When short-term mission gets cancelled…

I’ve been hearing stories recently about short-term mission workers whose time abroad has been rudely interrupted by Covid.

Young people on a gap year who had barely got into their stride in the field when their agency called them back home. People on a DTS who can’t go on outreach. Medical students planning an elective abroad whose plans have been frustrated.

For many of these people it was a once-in-a-lifetime chance to serve God abroad, and now it’s not happening. Perhaps it’s never going to happen. Many of these people are disappointed, confused and angry. They need to process this. They have questions like “Why did God send me abroad only to bring me back again?”

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Reaching the community during lockdown

In the midst of this crisis we know God is at work, and hearing stories of hope and of how God is working through others reminds us that his hand is on this situation. The following post, from the Chaplain at Nazarene Theological College, demonstrates why we must continue to share the love of Christ with others during lockdown:
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Integrating international students into local church ministries

These were some of the perspectives (misattributions?) I encountered when I asked students why they joined mono-ethnic Christian groups:

“Why did you form a Hong Kong small group? Why not join your church’s student group?”

“We found the bible studies superficial.”

“What do you mean?”, I asked, thinking of the church’s in-depth inductive bible studies.

“It’s all text book answers – what does the passage say. But people don’t share how they feel, or how they struggle to live it out.”

and…

“Why did you join the Afro-Caribbean Choir instead of the Christian Union?”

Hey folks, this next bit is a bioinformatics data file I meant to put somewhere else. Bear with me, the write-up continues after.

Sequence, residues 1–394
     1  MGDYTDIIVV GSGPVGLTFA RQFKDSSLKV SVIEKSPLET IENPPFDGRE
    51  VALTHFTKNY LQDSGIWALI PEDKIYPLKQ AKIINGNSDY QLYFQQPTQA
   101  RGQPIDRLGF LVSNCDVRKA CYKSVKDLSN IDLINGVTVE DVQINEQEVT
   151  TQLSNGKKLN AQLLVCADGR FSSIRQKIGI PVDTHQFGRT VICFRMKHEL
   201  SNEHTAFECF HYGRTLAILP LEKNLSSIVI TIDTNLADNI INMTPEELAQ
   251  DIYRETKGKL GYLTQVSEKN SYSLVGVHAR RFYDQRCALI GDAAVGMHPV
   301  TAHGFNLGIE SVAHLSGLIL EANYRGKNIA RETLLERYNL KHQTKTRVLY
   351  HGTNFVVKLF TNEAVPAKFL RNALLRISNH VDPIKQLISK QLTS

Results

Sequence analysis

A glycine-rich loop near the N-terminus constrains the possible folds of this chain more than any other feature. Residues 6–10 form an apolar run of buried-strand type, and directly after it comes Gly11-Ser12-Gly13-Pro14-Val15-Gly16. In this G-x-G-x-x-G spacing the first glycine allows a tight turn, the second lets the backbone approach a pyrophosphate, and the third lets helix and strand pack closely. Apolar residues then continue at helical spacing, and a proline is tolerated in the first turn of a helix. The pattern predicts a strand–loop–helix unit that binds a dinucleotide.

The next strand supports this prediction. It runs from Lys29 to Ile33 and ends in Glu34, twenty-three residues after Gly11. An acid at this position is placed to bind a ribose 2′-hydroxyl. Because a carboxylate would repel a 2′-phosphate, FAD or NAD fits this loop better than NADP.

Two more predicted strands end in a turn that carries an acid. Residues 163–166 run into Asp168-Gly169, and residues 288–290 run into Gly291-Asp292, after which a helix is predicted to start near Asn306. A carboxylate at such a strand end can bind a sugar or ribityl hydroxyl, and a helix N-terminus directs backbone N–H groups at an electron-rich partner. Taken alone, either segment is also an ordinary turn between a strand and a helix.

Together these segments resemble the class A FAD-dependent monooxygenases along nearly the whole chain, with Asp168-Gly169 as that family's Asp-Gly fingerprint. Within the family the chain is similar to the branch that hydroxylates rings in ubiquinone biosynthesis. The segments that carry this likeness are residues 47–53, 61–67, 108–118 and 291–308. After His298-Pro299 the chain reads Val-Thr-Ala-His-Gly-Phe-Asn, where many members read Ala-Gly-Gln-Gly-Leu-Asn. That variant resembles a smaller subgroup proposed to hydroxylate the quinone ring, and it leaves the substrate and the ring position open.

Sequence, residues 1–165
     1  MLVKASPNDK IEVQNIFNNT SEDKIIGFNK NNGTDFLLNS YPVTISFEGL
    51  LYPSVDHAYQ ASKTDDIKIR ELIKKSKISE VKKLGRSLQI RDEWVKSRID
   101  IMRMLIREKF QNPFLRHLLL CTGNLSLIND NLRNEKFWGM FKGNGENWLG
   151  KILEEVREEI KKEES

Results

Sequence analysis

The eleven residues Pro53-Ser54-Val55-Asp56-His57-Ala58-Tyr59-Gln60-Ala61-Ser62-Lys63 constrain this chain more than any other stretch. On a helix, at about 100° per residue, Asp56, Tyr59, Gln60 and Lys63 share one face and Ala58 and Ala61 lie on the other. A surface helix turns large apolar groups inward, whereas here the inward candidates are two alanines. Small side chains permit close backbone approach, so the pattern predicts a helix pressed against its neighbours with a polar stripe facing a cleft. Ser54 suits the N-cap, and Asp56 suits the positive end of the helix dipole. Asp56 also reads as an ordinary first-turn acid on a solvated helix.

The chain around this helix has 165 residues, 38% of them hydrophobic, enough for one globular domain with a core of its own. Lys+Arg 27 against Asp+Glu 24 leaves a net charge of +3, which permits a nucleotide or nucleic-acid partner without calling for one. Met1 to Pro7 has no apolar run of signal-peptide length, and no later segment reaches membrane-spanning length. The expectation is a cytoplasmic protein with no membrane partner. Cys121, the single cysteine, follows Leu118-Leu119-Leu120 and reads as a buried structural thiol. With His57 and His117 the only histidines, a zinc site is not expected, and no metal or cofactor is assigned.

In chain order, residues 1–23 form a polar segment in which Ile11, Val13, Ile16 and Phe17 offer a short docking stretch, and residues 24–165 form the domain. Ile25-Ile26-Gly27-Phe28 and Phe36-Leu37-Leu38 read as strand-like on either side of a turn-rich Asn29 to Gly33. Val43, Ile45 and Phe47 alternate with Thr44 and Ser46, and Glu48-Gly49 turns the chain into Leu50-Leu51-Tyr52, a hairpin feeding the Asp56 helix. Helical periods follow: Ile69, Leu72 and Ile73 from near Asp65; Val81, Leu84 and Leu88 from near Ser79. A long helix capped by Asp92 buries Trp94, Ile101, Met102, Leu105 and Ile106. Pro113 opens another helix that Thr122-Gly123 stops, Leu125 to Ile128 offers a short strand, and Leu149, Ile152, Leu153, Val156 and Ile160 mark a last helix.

“The Christian Union isn’t passionate about Jesus.”

“How so?” Thinking, “yes they are!”

“They don’t worship at their meetings. How can God’s people come together and not want to sing his praises?”

Apart from the fact that students feel more comfortable in such groups, they are often effective at reaching non-Christians from a similar cultural background, and in a way, more efficient at discipleship because methods and messages are tailored to the audience.

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Remarkable Opportunity!

If Christians talk about international students at all, they usually talk about them in one of two ways: as a necessity for sustaining our UK universities or as a transient presence in our church communities which doesn’t really contribute anything lasting to the church. The first is true, so we are told by those who know about university finances and judging by how much international students are paying for their courses it is easy to believe. The second is not true and it is sad that this perspective means that some churches do not see the great and lasting benefit of investing in the lives of international students; a benefit to the local church but even more significantly, to the worldwide church.   

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